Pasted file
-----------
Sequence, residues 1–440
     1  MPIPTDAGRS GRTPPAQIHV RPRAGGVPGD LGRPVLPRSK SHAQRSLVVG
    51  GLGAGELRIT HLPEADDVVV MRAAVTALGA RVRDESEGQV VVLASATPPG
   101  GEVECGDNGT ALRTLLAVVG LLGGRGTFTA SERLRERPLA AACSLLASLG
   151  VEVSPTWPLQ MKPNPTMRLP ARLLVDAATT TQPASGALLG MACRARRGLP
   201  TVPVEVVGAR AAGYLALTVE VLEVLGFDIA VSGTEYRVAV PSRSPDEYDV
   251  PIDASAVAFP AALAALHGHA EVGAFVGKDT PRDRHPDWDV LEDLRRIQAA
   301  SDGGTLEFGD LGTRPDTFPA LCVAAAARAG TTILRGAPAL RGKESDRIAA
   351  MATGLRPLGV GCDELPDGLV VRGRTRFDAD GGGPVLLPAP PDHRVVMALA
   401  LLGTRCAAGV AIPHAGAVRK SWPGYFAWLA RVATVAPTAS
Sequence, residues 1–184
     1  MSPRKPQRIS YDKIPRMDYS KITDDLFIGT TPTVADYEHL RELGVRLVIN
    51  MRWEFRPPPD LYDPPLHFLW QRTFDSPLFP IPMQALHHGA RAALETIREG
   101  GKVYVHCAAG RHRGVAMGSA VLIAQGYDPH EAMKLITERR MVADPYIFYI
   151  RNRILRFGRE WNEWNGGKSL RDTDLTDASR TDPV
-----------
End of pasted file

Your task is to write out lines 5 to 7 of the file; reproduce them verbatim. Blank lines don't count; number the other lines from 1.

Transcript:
   151  VEVSPTWPLQ MKPNPTMRLP ARLLVDAATT TQPASGALLG MACRARRGLP
   201  TVPVEVVGAR AAGYLALTVE VLEVLGFDIA VSGTEYRVAV PSRSPDEYDV
   251  PIDASAVAFP AALAALHGHA EVGAFVGKDT PRDRHPDWDV LEDLRRIQAA